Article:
John F. Russell: Coming face to face with cancer

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— Bryan Fletcher knows what it’s like to come face to face with cancer.

He understands the fear it can cause, he understands the threat it presents and he understands that despite beating acute lymphoblastic leukemia, his battle with cancer is far from over.

The hometown skier has found a place with the U.S. Nordic Combined Ski Team and has never forgotten what it was like to face the disease.

He wants people dealing with leukemia to know there are people like him who care. Today, he hopes to use his status as a U.S. Ski Team member to have a positive influence.

He has made it a priority to find ways to raise money and offer support to people who have cancer. A few years ago, he helped organize the Walk of Hope near his home in Utah, where he lives when training with the U.S. team. It included a walk and a 5K run.

This off-season, Fletcher was named a team hero for the Leukemia & Lymphoma Society’s Team in Training Program. Fletcher said Team in Training offers participants a comprehensive training program led by certified coaches. The program helps participants prepare for athletic challenges such as marathons, half-marathons and triathlons.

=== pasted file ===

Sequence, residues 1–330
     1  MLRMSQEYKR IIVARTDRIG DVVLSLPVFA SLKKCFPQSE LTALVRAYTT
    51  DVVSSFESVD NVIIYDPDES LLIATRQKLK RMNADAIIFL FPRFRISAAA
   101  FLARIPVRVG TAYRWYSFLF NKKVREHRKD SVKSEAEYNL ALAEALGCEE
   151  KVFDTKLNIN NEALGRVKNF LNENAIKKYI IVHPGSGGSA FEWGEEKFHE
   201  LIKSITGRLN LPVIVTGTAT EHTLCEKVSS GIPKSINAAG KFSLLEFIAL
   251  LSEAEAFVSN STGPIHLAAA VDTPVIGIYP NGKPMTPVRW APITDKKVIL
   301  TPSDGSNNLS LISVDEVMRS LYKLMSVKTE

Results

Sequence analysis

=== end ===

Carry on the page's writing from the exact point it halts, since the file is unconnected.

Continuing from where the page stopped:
Fletcher worked with the Rocky Mountain Chapter and joined the group for a century ride Sept. 18 and 19 in southern Utah. The group used his story for motivation, and he offered his name and support.

Participants of Team in Training find sponsors to support their athletic activities to raise funds for clinical research.

Fletcher said it’s a great idea because it’s not a single fundraising event but rather a coordinated effort by a group to raise money throughout a period of time. This year’s effort by chapters across the country brought in $450,000 for the Leukemia & Lymphoma Society.

Don’t be surprised if he’s modest when you ask Fletcher, who grew up in Steamboat Springs and considers it home, about his story and his efforts to help.

He was diagnosed with lymphoblastic leukemia just before his fourth birthday. His battle included regular trips to Denver for treatment at Children’s Hospital. He underwent treatment after treatment until 1997, when doctors declared that the cancer was in remission.

Throughout the years, I’ve talked to the young man, now 24, about his battle with cancer and why it’s so important for him to stay connected to organizations like the Leukemia & Lymphoma Society.

He always has downplayed his role in raising money and his efforts to reach out and help those who are dealing with the devastating effects of leukemia. He will tell you that riding 100 miles and helping the Team in Training group reach its goal is no big deal.

But deep down, he understands the fear cancer brings, the threat cancer presents and how important support can be when you are the one dealing with it.

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